On any given day in downtown Rochester, large groups of students can be seen hanging out on the streets.
"We're dealing with young people who have a certain amount of freedom here," said Mayor Tom Richards, D-Rochester.
At times, those groups become unruly. Recently, fights were reported, and even an incident involving gunshots fired near the Liberty Pole.
"A student firing a gun should be something which the entire community should be outraged – if it was a police officer fired a gun, or teacher that fired a gun people would be up in arms, they would be marching in the streets," said School Board President Malik Evans.
Richards says these incidents have forced the city to post 39 police officers downtown and another 12 resource officers on overtime from the schools.
"We cannot and should not be providing that kind of resource downtown in order to maintain order," said Richards.
In an attempt to help with the large number of students congregating downtown, a new bus pass system will be put in place on Friday.
"Providing transportation system and us proving bus service is a privilege; it is not a right," said Evans.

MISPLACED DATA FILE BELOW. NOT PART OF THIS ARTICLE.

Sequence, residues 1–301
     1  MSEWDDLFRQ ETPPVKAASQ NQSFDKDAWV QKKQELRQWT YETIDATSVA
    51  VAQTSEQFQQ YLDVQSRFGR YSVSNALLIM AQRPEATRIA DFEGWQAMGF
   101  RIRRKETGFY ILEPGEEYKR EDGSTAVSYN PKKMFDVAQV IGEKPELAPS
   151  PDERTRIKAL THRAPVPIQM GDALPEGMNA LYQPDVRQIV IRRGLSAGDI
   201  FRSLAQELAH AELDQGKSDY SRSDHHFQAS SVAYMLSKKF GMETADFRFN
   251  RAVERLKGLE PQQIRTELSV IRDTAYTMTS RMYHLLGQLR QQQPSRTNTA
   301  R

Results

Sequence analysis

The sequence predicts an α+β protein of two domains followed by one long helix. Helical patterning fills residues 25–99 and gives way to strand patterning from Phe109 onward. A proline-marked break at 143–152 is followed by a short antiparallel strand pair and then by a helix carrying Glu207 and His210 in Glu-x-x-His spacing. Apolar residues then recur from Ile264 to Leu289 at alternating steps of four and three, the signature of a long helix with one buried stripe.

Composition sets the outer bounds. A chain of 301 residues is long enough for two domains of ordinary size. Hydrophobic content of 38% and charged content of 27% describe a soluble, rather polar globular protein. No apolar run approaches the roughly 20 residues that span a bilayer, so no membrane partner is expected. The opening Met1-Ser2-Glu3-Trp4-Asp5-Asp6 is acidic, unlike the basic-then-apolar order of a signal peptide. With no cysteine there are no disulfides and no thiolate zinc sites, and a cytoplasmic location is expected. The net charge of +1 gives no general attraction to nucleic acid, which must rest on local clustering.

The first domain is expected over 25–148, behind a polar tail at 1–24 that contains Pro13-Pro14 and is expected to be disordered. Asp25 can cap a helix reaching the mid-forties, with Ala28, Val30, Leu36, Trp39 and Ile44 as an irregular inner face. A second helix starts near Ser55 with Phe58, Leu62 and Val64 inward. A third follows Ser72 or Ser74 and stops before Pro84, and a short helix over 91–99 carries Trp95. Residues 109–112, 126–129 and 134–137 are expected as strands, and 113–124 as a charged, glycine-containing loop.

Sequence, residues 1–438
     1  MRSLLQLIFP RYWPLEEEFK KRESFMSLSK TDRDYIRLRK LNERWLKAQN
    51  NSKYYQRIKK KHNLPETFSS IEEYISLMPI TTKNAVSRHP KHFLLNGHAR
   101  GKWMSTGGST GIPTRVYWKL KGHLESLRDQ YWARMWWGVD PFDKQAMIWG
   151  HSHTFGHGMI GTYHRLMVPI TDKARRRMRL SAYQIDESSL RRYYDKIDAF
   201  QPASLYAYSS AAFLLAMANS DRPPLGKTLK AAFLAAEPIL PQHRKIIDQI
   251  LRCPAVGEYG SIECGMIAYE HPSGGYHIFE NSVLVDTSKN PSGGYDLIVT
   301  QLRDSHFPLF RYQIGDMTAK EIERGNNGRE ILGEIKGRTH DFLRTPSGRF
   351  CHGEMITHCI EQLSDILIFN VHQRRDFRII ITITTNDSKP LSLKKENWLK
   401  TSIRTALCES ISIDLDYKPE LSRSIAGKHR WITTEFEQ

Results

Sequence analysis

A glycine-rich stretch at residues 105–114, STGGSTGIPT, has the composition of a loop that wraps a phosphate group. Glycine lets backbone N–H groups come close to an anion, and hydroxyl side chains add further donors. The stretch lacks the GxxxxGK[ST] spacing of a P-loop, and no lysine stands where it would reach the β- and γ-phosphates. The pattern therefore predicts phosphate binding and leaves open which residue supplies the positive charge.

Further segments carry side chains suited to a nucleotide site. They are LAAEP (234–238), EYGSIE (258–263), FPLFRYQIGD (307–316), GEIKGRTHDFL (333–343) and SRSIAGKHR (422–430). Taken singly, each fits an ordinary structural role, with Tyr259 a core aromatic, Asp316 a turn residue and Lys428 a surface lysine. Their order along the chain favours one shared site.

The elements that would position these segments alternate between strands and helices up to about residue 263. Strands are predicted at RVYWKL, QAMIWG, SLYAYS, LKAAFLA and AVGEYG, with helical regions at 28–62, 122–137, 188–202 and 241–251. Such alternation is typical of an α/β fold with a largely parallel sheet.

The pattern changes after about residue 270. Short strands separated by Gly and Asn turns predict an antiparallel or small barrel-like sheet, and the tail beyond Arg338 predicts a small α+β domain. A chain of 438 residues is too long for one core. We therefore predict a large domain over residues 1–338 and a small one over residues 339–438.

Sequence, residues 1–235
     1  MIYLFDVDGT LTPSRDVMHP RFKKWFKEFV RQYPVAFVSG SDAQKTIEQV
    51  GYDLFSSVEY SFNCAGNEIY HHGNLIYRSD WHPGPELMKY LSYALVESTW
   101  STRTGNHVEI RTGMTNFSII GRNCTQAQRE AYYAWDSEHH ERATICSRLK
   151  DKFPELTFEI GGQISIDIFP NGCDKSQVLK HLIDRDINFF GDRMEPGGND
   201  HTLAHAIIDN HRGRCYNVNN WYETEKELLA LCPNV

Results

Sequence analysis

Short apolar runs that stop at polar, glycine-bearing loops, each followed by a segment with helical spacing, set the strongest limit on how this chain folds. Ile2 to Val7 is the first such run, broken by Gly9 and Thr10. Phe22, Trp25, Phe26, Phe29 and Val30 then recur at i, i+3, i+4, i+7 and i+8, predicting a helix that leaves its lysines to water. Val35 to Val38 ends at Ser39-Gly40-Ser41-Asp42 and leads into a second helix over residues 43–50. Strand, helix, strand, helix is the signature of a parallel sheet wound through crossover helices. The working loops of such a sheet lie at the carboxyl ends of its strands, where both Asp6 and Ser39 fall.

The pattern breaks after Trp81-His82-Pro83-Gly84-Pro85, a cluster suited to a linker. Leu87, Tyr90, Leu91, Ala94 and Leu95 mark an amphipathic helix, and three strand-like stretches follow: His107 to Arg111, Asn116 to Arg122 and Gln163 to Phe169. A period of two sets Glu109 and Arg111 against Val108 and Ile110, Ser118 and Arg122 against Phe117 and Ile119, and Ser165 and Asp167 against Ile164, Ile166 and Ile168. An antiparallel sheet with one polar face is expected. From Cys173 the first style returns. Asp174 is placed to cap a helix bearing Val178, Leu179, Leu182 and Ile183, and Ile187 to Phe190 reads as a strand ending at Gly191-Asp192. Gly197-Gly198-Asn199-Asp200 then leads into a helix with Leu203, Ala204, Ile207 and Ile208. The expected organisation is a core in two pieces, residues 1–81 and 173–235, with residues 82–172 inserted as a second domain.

The new pass will require more students to take express routes directly from neighborhoods to district schools and students who need to transfer downtown will be receiving a timed connection pass requiring them to catch the next bus in minutes.
There are also two other passes that will be distributed for those who need to make additional stops for work or after school activities, but members from RTS say the students need to go to the principal and tell them exactly what the need is for them to get this pass.
"There will be a gold pass that's introduced for those students that are in programs that need to go from either work assignments or other school programs throughout the day. We will make available a 2+2 activity pass. This allows a student two rides within two hours so that students that do have destinations to get to will not have an open ended access to the system but we are changing it so they have limited use but they can get to those activities," said RGRTA CEO Bill Carpenter.
Evans says it is unfortunate that they have to make these changes. He says he does not feel it will solve the cities problems.
"This is just a band aid. It's not going to solve the problem. It's not the school district's job, the city's job, the bus systems job to raise kids – it's the communities job," said Evans.
"It's a social danger that we are engaging in and tolerate it or try to stop it with policemen, that's a real cost its a real social cost and of course there is a cost to downtown," said Richards.
Richards says if this new system doesn't work, they will continue to work to find a better solution.